And those gags come fast and furious, enabled by a physically and musically adroit cast, notably Amato, who makes the thankless role of undesired wife a winning one, the angel-voiced and twinkling Winfield, and Michael Ursua, who brings a straight man’s virtuosity to the role of Psuedolus’ much more reliable co-slave Hysterium, who’s hiding a kink or two under his ordered exterior.
Having been revived several times since its 1962 Broadway debut, A Funny Thing Happened on the Way to the Forum is a proud throwback that, thanks to director Bob Walton, never seems outdated or a mere amusing museum piece, mostly because it is, as its title promise, a funny thing.
Rod Stafford Hagwood wrote for The Sun-Sentinel:
Fifty-three years after its Broadway debut, maybe it's time to adjust the title of A Funny Thing Happened on the Way to the Forum ...  Perhaps now we should call the Stephen Sondheim musical A Funny-ish Thing Happened… etc.  Setting aside the sexism played as a running gag (but not in an ironic way, which would take the wince factor out of it), there's also the dusty-fusty feel of the vaudevillian script. What was bawdy hijinks then reads as boorish behavior now. Context is everything.
If there is any cast who could pull off plopping down this chestnut in 2015, it's the one the Wick has assembled. They look like a million dollars, or gold coins as the case may be, in their candy-coated costumes that look as if they're straight out of the 1966 movie version… They sing well enough to push out of your head, if not forget altogether, the fact that the music is canned. They dance Angela Morando-Taylor's choreography with real panache. And the show's star, Broadway performer Ken Jennings ("Sweeney Todd," "Grand Hotel," "Side Show," "Urinetown the Musical"), has a real feel for the slapstick.
It is a handsome production. But something is amiss. Maybe it's that the farce feels forced, or the Borsht Belt is too loose. Jennings is a little Mel Brooks-ian dynamo, gamely trying to inject vim and vigor into the script. Ballard makes the most of his role while Winfield has a lovely way of caressing a lyric. Director Bob Walton has even slipped in a few pop culture references, including Viagra and Pope Francis.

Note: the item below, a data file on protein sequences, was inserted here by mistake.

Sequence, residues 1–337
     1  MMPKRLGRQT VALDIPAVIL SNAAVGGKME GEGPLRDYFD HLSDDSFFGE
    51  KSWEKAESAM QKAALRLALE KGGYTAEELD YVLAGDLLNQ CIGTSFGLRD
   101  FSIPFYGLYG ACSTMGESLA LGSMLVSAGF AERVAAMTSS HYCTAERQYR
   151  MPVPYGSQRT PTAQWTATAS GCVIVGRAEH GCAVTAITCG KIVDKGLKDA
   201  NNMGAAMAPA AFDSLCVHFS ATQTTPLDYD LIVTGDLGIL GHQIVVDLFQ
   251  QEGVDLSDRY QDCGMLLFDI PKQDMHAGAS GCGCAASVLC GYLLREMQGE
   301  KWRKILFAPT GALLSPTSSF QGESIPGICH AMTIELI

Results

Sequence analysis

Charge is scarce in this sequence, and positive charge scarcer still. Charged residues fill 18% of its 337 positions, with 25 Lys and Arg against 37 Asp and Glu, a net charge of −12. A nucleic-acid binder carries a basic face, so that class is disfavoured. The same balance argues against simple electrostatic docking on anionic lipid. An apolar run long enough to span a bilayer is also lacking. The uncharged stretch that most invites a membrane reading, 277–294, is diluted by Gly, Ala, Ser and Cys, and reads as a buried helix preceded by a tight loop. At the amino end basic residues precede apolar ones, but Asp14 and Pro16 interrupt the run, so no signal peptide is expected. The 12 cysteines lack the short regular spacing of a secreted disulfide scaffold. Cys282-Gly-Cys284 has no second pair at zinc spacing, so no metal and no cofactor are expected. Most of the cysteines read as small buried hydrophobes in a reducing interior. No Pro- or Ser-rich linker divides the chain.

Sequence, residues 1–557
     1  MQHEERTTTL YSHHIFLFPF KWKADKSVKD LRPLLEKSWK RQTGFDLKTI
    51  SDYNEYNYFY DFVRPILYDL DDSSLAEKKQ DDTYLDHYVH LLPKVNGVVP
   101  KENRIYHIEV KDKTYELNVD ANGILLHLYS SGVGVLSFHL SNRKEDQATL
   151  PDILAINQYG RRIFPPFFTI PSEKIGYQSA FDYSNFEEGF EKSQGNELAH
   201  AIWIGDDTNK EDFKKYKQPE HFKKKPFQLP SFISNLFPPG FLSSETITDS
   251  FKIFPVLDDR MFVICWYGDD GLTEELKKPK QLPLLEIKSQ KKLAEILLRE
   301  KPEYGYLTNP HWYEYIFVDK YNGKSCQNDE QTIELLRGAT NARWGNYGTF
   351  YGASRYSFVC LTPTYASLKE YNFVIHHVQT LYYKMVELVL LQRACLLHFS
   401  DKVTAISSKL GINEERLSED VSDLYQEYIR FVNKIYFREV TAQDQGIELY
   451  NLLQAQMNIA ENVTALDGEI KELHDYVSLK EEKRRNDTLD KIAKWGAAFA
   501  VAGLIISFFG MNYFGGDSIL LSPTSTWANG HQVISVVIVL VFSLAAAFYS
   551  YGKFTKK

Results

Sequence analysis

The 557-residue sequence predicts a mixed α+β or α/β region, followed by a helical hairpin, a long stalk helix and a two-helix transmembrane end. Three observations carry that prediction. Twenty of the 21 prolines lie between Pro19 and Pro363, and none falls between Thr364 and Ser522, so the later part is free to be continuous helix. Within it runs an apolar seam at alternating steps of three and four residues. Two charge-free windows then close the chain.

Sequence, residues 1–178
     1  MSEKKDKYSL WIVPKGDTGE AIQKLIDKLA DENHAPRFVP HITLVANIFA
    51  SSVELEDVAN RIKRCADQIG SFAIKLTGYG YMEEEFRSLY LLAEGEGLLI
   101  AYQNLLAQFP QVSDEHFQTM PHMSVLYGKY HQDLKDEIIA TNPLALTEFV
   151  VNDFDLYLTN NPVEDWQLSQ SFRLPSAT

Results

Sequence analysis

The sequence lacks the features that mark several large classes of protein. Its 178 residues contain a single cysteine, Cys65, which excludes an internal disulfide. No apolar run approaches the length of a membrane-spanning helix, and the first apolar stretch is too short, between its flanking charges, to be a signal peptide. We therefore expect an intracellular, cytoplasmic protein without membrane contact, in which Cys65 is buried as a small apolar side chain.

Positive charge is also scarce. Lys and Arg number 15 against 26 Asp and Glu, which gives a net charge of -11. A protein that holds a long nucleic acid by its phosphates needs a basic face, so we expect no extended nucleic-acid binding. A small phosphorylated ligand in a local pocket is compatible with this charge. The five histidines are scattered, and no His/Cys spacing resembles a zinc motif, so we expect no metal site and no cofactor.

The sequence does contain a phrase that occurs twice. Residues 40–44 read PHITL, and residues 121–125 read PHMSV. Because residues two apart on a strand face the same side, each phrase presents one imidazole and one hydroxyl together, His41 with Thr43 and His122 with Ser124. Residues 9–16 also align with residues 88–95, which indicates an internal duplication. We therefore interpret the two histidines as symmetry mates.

It should work. It almost does. Being funny for two hours with a 15-minute intermission is a tall order. Maybe we'll have to settle for funny-ish.
Roger Martin reviewed for Miami ArtZine:
If you're a lover of musical comedy classics you might look a little askance at the production of A Funny Thing Happened on the Way to the Forum now running at The Wick Theatre in Boca Raton. All the wonderful songs are there, all the jokes, the pretty girls and super singing, but something's been added. And it doesn't help.
It's been turned into a “let's cater to the Boca crowd” show with asides worthy of a community hall. Some aspects of the piece are not up to that standard.   But hey, it's Forum, so we can forgive a few blips.
The voices are excellent and the songs are just as fresh as if it were the first time heard. Thank goodness.
The standout of the show is Jim Ballard as Captain Milos Gloriosus, conquering hero and buyer of the virgin, Philia, played by Whitney Winfield. Ballard is an exceptional comic actor and the show comes alive every minute he's on stage. Thank goodness.
Broadway veteran Ken Jennings as Pseudolus seems desperate to prove that he's still got it. And he has. He sets a frantic pace, speaking, singing, running, jumping, mugging. Amazing stamina.
And the performances? Adequate. Wow, that seems harsh, but from the get go this Forum is played at a monotonously frantic pace. Lines are shouted; it's a comedy, let's act funny, that always works. Right.  
A gaily colored cartoonish set by Bruce Walters amplifies the cartoonish aspects of this Forum, and speaking of cartoonish the three Proteans whom I haven't the heart to name are...well, you get the idea.  Directed by Bob Walton with less than inspired choreography by Angela Morando-Thomas, lighting by Jose Santiago, sound by Justin Thompson. Music by Canned.
The Wick Theatre presents its production of A Funny Thing Happened On The Way To The Forum through November 1, 2015.